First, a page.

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BMJ Qual Saf doi:10.1136/bmjqs.2011.051284
  • Original research

Prevalence of adverse events in the hospitals of five Latin American countries: results of the ‘Iberoamerican study of adverse events’ (IBEAS)

  1. I Larizgoitia14 on behalf of the IBEAS team
  1. 1 Epidemiología y Salud Pública, Department of Preventive Medicine, Sant Joan d'Alacant University Hospital, Miguel Hernández University of Elche, Elche, Spain
  2. 2Department of Public Health, History of Science and Gynaecology, Miguel Hernández University of Elche, Elche, Spain
  3. 3Department of Preventive Medicine Unit, Lozano Blesa University Clinical Hospital, Zaragoza University, Zaragoza, Spain
  4. 4Department of Microbiology, Preventive Medicine and Public Health, Zaragoza University, Zaragoza, Spain
  5. 5National coordinator for the study in Argentina, Ministry of Health, Buenos Aires, Argentina
  6. 6National coordinator for the study in Colombia, Ministry of Social Care, Bogotá, Colombia
  7. 7National coordinator for the study in Costa Rica, Ministry of Health, San José, Costa Rica
  8. 8National coordinator for the study in Mexico, Ministry of Health, México DF, México
  9. 9National coordinator for the study in Peru, Ministry of Health, Lima, Perú
  10. 10National Health System Quality Agency, Ministry of Health and Social Policy, Madrid, Spain
  11. 11Patient Safety, Pan American Health Organization, Washington DC, USA
  12. 12Brigham and Women's Hospital, and Harvard Medical School and Harvard School of Public Health, Boston, Maryland, USA
  13. 13External Research Lead World Alliance for Patient Safety, WHO, Geneva, Switzerland
  14. 14WHO, Geneva, Switzerland
  1. Correspondence to J M Aranaz Andrés, Department of Public Health, Universidad Miguel Hernández, Campus de San Juan, Carretera Alicante-Valencia Km. 87, 03550 San Juan de Alicante; aranaz_jes{at}gva.es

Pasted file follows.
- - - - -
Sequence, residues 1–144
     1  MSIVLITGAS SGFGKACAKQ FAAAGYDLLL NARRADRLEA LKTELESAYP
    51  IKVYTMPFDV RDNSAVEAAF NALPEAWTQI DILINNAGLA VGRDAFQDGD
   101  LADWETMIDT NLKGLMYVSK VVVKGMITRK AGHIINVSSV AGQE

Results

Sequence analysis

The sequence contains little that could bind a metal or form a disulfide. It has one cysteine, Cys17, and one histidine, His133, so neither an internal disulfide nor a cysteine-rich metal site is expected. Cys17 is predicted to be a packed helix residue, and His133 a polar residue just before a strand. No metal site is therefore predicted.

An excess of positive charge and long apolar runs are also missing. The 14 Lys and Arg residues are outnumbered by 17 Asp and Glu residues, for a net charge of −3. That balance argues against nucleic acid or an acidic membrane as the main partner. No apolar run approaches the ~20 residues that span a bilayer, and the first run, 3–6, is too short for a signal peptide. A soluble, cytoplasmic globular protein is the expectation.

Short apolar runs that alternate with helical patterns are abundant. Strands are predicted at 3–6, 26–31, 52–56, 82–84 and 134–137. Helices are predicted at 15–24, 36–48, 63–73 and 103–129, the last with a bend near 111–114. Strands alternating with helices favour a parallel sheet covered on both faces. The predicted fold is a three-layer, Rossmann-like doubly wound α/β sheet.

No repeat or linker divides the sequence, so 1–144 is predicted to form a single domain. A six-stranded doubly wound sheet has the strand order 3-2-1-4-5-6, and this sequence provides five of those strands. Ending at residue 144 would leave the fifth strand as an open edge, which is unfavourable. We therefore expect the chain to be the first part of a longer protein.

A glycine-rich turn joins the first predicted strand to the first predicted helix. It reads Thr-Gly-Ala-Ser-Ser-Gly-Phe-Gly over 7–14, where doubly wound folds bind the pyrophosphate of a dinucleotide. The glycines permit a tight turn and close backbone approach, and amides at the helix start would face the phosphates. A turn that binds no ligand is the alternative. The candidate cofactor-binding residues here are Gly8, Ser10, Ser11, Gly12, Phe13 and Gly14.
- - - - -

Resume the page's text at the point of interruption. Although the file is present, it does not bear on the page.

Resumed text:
1. Ethics approval Ethics approval was provided by the Pan American Health Organization Ethics Review Committee and the corresponding national ethics committees of the participating countries.

  • Accepted 26 May 2011
  • Published Online First 28 June 2011

Abstract

Background Interest in patient safety (PS) is growing exponentially, fuelled by epidemiological research unveiling the extent of unsafe care. However, there is little information about the frequency of harm in developing and transitional countries. To address this issue, the authors performed a study known as the Iberoamerican Adverse Event Study, through a collaborative between the governments of Argentina, Colombia, Costa Rica, Mexico and Peru, the Spanish Ministry of Health, Social Policy and Equality, the Pan American Health Organization and the WHO Patient Safety.

Methods The study used a cross-sectional design, involving 58 hospitals in the five Latin American countries, to measure the point prevalence of patients presenting an adverse event (AE) on the day of observation. All inpatients at the time of the study were included.

Results A total of 11 379 inpatients were surveyed. Of these, 1191 had at least one AE that the reviewer judged to be related to the care received rather than to the underlying conditions. The estimated point prevalence rate was 10.5% (95% CI 9.91 to 11.04), with more than 28% of AE causing disability and another 6% associated with the death of the patient. Almost 60% of AE were considered preventable.

Conclusions The high rate of prevalent AE found suggests that PS may represent an important public-health issue in the participating hospitals. While new studies may be needed to confirm these results, these may already be useful to inspire new PS-improvement policies in those settings.

Footnotes

  • Funding JMAA, CAR and RLR have been granted in some occasions by the Fondo de Investigaciones Sanitarias (Health Research Fund) related to the Spanish Ministry of Health Social Policy and by the National Health System Quality Agency of the Spanish Ministry of Health and Social Policy.

  • Competing interests None.

  • Provenance and peer review Not commissioned; externally peer reviewed.

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